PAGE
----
Go Go Go is not the way to learn new movements. Progressing the speed of execution is key to learning a movement - Start slow work to functional speed.

Supplemental Information
Learning at Speed

Time Pressure and Peer Pressure

Learning new movement skills requires careful control of time and peer pressure for success.

Supplemental Information
Time Pressure
Peer Pressure

Instructional Cueing: When to do it

Instructional cues can be disruptive to the learning process. We often cue too much and don’t let the natural learning process engage.

Supplemental Information
Cueing During Movement

Comprehension and Mimicry

Children need to understand the terminology of movement. If they don’t know the words associated with movements, they will be less likely to participate. Children are very good mimics and just because they can exhibit the behaviors or movement doesn’t mean they know the terminology.

Supplemental Information
Movement Terminology
Mimicry

Decision Making: Selecting Movements for Circumstance

Children need settings in recreation, physical education, sport, on the playground, where they are empowered to select and sequence movement for a purpose in a variety of settings. Knowing a skill doesn’t mean you can deploy it when necessary. Decision making is required.

Selection of Movement for Environment

In real life world, people need to make decisions on how to move through complicated environments (slippery surfaces, over fences, jumping over obstacles, etc), so it is essential that we don’t just teach a movement in a benign setting but let the person explore how to use it in various settings.

Physical Literacy-Enriched Games

There are many ways to enrich existing games to create a positive experience for developing many of the elements of physical literacy. So think about how you might include awareness, selection, sequencing and modifying movement skills in the delivery of your games and activities to help improve PL of participants.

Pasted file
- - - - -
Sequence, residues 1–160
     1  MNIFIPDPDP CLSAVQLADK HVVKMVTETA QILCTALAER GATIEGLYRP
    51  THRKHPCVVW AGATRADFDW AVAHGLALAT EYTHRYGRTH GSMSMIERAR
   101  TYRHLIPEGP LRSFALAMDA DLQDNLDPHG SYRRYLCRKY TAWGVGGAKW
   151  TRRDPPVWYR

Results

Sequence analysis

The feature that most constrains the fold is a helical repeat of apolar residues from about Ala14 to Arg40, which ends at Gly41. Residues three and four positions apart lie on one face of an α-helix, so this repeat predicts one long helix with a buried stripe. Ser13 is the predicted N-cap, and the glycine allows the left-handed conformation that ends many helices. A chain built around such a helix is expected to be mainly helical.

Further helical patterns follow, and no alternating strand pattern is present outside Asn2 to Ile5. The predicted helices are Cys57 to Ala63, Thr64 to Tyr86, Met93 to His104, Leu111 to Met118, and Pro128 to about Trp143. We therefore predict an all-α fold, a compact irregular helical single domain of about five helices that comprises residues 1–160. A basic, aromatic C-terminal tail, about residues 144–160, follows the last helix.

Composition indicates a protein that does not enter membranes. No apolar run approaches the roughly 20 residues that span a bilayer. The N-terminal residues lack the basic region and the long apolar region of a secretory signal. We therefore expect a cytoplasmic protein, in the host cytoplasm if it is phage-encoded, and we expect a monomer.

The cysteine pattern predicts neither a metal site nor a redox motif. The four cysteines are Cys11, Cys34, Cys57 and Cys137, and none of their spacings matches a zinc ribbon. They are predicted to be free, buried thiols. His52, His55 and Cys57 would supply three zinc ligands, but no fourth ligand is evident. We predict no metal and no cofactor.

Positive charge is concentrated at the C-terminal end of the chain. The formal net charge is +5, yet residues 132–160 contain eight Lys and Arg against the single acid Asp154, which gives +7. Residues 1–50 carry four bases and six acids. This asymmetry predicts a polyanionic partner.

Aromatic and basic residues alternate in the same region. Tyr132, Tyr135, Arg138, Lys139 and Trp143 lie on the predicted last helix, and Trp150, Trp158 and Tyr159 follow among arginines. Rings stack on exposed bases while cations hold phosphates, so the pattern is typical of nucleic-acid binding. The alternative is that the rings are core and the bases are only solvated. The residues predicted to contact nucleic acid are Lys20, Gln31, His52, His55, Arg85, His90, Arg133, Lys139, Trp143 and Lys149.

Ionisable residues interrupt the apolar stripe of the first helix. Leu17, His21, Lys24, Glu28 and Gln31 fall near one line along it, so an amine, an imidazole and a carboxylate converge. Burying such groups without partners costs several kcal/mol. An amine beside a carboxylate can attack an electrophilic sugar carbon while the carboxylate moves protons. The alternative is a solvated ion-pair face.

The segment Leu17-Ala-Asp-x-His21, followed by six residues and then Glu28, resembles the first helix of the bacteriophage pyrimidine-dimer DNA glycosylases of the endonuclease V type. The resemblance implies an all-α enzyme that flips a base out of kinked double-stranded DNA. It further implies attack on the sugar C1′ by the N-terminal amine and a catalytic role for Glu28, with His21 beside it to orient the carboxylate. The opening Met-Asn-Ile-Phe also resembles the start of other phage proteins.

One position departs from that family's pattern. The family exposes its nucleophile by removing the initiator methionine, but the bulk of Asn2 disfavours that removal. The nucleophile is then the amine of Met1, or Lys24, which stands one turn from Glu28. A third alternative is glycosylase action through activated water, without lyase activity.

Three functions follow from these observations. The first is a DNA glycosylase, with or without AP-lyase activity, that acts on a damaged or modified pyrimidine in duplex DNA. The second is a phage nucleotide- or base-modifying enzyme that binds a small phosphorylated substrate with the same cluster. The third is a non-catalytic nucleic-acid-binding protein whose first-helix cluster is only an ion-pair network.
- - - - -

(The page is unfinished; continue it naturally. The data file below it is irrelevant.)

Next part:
Supplemental Information
Small Sided Games with Purpose
Inclusion

Building a Physical Literacy Environment

The built environment needs to jive with the intent to get people moving. Often our spaces and rules create a non-movement culture rather than one of spatial and activity flexibility.

Additional Resources
Don't Walk in the Halls Click here!

Social Environment

The social environment is critical to consider when developing physical literacy. Fun and friends are the number 1 and 2 reasons why people stay engaged. Also, without a conducive social environment the child will not develop the ability to present themselves in front of others – a key element to participation. Audience needs to be progressed.

Supplemental Information
Audience Social Facilitation

Creativity

Development of movement creativity requires a strong base of competence in a variety of movement skills along with free play to explore movement, along with the need to construct movement sequences for a purpose.

Supplemental Information
Movement Skills

Progressing Competition with Purpose

Competition needs to be progressed in order to prepare children for the real world. It is unsuitable to apply adult competition models to children but equally inappropriate to not teach a child to compete. Rivalry is something that can be introduced and progressed to the benefit of every child. But this doesn't mean they will be in competitive sports.

Supplemental Information
Progressing Rivalry

Motor Control Errors

Reducing motor control errors through development of physical literacy helps to reduce the likelihood of injury, and increases the ability to perform movement tasks. This requires brain training and muscle training approaches.

Supplemental Information
Motor Control Errors

Movement Selection Errors

One type of error that arises is termed a selection error when a person is unable to make a choice for the right movement, or when the person is highly asymmetrical in movement resulting in avoidance of or inappropriate selection of movement for a circumstance. Reducing asymmetry in children in movement helps to minimize selection errors.

Supplemental Information
Right and Left Symmetry

Manipulation Dominance Vs. Stability Dominance

We tend to purposefully train limbs to perform manipulation tasks but rarely purposefully train limbs for stability or support roles. Both are essential for function.

Supplemental Information
Manipulation and Stabilization

 
Durability

Durabiluty is the ability to endure the physical and mental demands of active participation, and physical literacy along with fitness prepare a person to be able to train, able to work, and able to do activities of daily living for life.

Supplemental Information
Durability and PL Training

Well-Being: Physical and Mental

Mental and physical fitness arise from participation which arises from physical literacy. Physical literacy is not just physical it is cognitive, psychological and social.